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lie by brexiteers who never intended to deliver it. they had no plan to end after years ago because they we re end after years ago because they were trying to position themselves personally and politically and they did not think the brexit book would be one. this is why the country is ina be one. this is why the country is in a mess. you have got half the country thinking we can get some glorious future which was never possible and the prime minister ought to be saying to the nation, you were sold a fantasy. if you want to make compromises and want britain to make compromises and want britain to be weaker and poorer, take my deal. if you do not want that, you should vote to remain. i think she should vote to remain. i think she should have said parliament will not pass my deal and i will go to the country and say it is i do my deal remain and a second referendum. i see the problem, but the fact is there would be no majority in parliament for no deal because they know what a disaster it would be. we would destroy agriculture and the food business in this country under
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two years after two years. we would become so poor and so unimportant andi become so poor and so unimportant and i do not think people who wanted brexit have the faintest idea that thatis brexit have the faintest idea that that is what could lie ahead. they do not believe such a disaster would be feasible. it would be utterly responsible for the government to put that on the ballot paper. jenny has a point. jacob rees mogg has already said this evening that u nless already said this evening that unless there was a new detail in the withdrawal agreement, legally binding, it is no good for him. if she takes the backstop of the programme altogether, no problem. you can see the eurosceptics and the backbenchers setting down a red line ahead of negotiations that might not even ahead of negotiations that might not eve n ta ke ahead of negotiations that might not even take place. what is very confusing for most people, who are probably quite rightly focusing on christmas and expecting the politicians to sort it out, i think
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the writing has been on the wall for a while. the government has been slow off the mark and what we see is an attempt at damage limitation and an attempt at damage limitation and an attempt at trying to take control of this situation. the conversations the prime minister yesterday with the prime minister yesterday with the european leaders, i do not believe that number ten would come back with exactly the same deal whatever date they choose to come back with it with. that is a high risk strategy, so there must have been some kind of signal. if it conversations with donald tusk last night was the decision? she sent michael gove out this morning to say 100% this will go ahead. then later on she pulls it. i think that is a pa rt of on she pulls it. i think that is a part of it. there is also the reality of looking out over into the abyss. the government wants to win votes, that is the nature of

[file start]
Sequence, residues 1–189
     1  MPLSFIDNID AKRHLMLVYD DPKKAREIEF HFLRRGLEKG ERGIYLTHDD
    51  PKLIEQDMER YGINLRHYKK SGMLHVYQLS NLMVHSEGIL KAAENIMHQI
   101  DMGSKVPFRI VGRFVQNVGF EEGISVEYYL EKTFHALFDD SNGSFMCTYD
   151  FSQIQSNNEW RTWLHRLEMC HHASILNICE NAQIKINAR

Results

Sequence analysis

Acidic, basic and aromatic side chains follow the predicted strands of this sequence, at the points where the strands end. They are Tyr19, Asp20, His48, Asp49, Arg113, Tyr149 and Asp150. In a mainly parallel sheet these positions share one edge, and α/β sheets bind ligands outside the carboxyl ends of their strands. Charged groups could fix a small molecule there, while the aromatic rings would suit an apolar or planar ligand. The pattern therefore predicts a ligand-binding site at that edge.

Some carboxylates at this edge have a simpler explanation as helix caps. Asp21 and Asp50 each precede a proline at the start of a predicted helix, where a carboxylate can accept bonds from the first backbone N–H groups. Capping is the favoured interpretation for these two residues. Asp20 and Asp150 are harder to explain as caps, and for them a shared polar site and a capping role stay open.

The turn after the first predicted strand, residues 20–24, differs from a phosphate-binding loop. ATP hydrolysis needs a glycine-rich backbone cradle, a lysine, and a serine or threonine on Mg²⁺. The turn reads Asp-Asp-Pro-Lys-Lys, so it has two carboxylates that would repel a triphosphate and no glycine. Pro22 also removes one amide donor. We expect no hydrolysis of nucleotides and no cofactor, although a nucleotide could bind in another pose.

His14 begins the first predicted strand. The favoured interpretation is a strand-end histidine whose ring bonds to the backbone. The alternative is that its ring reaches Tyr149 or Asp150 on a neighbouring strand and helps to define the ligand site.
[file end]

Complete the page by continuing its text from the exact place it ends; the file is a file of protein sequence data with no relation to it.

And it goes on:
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governing. you do not want to lose votes. the prospect of leading by a three figure margin is unprecedented. sometimes if you miss judge something then you do have to doa judge something then you do have to do a bit of hands up, we have got this wrong. ultimately this is not about a date in the government grade, this is about people's lives and jobs. i think she believes that and jobs. i think she believes that and she believes the deal. if you ta ke and she believes the deal. if you take a bit of a hit on this is the only deal, and you come back with something different, it is worth it. we had five mps appear from the conservative party in the last hour and not one of them talked about the leadership challenge, which is interesting given they did not call a leadership challenge after the election in 2017, nor after chequers and now this. the difficulty is there are lots of people who want to lead the conservative party, but they want to lead it when this mess
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is over. it does not matter who becomes prime minister at the moment, they would still face the problem that britain could not leave the european union on theresa may's dyla n the european union on theresa may's dylan farrow giving up a lot of say. how does it persuade the country that remain would be better for it? there are a lot of people who want to undermine theresa may and criticise her, but they do not want to be left holding this impossible conundrum which they do not know how to solve. they would like to blame her and criticise her, but as one conservative mp set to borisjohnson last week, you are full of grievances, where is the solution? the brexiteers have no solution. that is the challenge that theresa may put down today. and just a reminder of those key brexit deadlines coming up. theresa may told the commons she would be speaking to eu leaders this week about mps' concerns surrounding the northern ireland backstop. that meeting of the eu council is expected to take place on thursday this week, but the council's leader,